There is a famous RK Laxman cartoon in the early 90s. In a mid-air flight, one of the occupants of the plane says, "I think we are over Tamil Nadu", and his companion asks, "how do you say that?" He replies, "I can spot the cutouts even from here."

Well, the first half of the 1990s in Tamil Nadu, when J Jayalalithaa was the chief minister, the 'cutout culture' really took firm roots in the state, and it was one of the infamous defining features of her regime that was marked by many excesses.

And now a techie has been killed in Chennai after a cutout erected for a wedding in the family of the ruling party politician fell on her and she, in turn, slipped from the two-wheeler she was on and was run over by tanker.

The young woman's death has shaken the entire state, and the high court castigated the political parties for encouraging the banner culture, despite various court orders against it.

Also watch: Ban the banner: With images of politicians crashing, here’s what you should know about hoardings

"The officials, who are sucking the blood of the people, are more loyal to a party than to the government," a bench of the high court said today. 

The strong observations from the high court while welcome should be read in the context that the state has done precious little to end the cutout culture despite the court explicitly banning it.

In 2017, the Madras high court banned such displays through cutouts, and asked the government to ensure that "photos or pictures of such persons who are alive shall not be depicted by way of those banners, flex boards, sign-boards."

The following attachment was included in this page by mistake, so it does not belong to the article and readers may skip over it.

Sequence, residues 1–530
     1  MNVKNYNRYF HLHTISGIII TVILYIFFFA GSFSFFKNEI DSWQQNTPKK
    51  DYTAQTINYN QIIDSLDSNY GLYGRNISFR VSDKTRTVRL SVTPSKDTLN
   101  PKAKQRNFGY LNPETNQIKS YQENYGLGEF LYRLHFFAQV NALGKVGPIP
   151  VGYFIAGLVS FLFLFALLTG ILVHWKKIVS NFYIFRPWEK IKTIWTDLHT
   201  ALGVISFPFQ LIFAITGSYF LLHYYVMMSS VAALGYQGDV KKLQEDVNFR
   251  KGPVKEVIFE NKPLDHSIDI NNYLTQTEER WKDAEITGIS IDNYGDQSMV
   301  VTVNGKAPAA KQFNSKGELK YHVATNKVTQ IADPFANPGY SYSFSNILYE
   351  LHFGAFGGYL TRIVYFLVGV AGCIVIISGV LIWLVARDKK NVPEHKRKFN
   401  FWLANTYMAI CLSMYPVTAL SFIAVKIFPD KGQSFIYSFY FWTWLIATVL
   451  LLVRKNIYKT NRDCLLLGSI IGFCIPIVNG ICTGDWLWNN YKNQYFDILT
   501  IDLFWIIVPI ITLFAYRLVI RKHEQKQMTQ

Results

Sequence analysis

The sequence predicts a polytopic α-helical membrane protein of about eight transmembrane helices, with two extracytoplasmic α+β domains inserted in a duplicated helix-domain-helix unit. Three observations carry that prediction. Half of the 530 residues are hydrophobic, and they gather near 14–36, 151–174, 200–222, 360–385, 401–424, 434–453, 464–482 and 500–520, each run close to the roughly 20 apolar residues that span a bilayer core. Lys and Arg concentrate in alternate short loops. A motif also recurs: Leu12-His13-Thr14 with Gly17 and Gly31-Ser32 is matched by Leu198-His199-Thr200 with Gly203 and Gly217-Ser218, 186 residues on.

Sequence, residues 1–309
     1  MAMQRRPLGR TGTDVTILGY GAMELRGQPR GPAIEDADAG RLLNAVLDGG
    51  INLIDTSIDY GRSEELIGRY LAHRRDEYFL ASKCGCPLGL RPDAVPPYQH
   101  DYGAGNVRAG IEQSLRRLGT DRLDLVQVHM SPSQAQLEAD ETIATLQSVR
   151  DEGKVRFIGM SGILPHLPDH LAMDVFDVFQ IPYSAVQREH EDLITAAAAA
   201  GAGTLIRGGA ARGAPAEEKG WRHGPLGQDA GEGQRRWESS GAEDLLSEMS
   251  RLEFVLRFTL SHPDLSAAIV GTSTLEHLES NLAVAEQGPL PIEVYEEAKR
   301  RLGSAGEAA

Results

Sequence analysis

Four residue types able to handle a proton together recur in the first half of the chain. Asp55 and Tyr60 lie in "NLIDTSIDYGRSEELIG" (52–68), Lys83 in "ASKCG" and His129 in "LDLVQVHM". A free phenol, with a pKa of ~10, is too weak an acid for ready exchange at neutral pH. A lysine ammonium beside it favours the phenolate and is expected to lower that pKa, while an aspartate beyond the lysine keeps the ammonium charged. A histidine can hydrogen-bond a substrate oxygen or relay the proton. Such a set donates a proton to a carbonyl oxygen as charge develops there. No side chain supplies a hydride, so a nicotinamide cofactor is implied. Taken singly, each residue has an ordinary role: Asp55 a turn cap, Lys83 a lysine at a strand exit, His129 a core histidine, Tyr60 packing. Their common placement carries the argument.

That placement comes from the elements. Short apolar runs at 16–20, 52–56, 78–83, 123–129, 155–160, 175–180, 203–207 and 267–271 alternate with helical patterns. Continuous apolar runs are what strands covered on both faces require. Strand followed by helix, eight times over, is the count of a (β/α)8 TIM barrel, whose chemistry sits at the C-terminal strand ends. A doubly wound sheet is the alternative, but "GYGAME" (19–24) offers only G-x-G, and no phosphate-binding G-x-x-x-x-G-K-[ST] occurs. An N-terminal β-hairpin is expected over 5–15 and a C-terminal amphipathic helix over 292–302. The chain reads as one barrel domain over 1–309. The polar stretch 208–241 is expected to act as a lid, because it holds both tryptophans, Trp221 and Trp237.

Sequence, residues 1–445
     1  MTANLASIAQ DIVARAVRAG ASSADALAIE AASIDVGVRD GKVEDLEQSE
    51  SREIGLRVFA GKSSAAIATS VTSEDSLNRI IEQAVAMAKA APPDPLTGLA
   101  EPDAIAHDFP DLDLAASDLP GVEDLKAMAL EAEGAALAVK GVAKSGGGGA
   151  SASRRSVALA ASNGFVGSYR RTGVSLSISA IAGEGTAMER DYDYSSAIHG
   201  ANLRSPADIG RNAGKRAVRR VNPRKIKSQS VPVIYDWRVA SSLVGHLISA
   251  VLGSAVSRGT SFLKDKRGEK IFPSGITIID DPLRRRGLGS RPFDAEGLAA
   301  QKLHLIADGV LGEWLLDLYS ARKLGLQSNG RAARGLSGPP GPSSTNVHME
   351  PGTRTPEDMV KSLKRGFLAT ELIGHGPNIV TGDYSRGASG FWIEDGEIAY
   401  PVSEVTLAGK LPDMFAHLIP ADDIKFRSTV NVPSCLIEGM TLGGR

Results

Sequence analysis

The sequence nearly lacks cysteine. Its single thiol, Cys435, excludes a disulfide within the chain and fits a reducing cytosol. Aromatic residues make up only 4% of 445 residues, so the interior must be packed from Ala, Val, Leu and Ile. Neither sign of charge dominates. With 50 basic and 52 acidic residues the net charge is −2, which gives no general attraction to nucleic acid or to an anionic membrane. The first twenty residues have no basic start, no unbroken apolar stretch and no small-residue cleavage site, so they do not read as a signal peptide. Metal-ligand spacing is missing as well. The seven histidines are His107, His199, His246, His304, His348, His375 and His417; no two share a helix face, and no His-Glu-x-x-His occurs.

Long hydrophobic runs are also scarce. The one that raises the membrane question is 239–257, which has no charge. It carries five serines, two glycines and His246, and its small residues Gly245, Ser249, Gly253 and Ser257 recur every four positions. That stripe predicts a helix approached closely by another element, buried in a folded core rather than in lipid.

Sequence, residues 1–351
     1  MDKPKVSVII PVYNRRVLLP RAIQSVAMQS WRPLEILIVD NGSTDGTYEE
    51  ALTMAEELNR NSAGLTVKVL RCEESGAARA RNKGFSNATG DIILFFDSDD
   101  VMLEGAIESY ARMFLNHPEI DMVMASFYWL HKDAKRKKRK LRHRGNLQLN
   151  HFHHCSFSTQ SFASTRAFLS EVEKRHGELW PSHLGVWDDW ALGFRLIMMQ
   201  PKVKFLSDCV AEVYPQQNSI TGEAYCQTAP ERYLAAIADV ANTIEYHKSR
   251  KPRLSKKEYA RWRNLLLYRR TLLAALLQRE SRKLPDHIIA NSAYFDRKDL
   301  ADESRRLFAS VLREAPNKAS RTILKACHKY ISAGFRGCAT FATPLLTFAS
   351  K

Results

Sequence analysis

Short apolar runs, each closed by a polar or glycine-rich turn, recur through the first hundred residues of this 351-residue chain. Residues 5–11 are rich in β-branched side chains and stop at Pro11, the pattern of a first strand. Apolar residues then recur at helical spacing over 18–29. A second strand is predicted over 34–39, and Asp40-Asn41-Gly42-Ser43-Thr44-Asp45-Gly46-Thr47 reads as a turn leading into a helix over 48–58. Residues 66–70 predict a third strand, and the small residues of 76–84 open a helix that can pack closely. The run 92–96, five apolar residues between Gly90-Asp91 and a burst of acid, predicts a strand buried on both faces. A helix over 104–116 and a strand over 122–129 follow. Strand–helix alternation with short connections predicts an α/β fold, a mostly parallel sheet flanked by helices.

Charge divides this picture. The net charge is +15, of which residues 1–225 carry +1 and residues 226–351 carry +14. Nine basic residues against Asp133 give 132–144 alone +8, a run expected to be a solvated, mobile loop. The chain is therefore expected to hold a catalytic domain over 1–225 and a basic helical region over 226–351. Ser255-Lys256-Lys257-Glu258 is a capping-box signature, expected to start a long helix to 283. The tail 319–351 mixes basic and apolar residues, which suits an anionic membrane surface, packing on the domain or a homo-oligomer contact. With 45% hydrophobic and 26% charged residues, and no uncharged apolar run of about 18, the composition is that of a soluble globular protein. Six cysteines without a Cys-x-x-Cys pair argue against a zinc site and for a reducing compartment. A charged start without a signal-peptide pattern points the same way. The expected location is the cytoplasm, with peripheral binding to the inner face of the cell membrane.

But both politicos and film stars have blissfully looked elsewhere, when their cadres and fans flout the rules flagrantly.

Recently, ahead of his film's release, a 215 feet cutout of actor Suriya was erected. The actor, who otherwise projects himself as a socially aware individual, however, remained silent on this obvious breaching of law.

Also read: Chennai hoarding death: Madras HC says tired of passing orders against illegal boards

While cutouts and huge banners for film stars have been the norm in almost all states, it is Tamil Nadu that pioneered the cutout culture for politicos.

Well-known political theorist Partha Chatterjee once said, “wall writing regardless of parties was the single most visible material sign of political activity in the state. The activity used and perfected for over more than half a century, became an essential aspect of West Bengal’s political culture, in the same way that giant cutouts characterize the public political culture of Tamil Nadu”.

Cutout culture, many academics opine, is a direct offshoot of the strong nexus between politics and films in Tamil Nadu. Politics quickly borrowed the visual aesthetic of the cinema publicity because the leaders of that time, like Annadurai, M Karunanidhi and MG Ramachandran, owed their rise in popularity to their film career. The cutout, by their lurid colours and gargantuan size, helped project a literal larger-than-life-image for these politicos. And they held on to it strongly.

When Jayalalithaa became the chief minister for the first time in 1991, she took it to new heights, both literally and figuratively. The kitschy cutout culture became a kind of insignia of her regime then, and because of its notoriety, it quickly spread to other states.  

Now, after the horrendous death of the techie Subasri, politicians across the spectrum in Tamil Nadu have issued statements urging their cadre to refrain from putting out such huge cutouts and banners.

But this is too little and too late. At the risk of sounding like an inveterate cynic, one should say that things don't look like getting better.

Two years ago, one person in Coimbatore was killed because of a big banner. Then too politicos promised big, but nothing really changed at the ground level. This is a recurrent phenomenon in the State. Publicity hungry politicos and pliant officialdom have ensured that the roads are not actually 'cut out' for the public.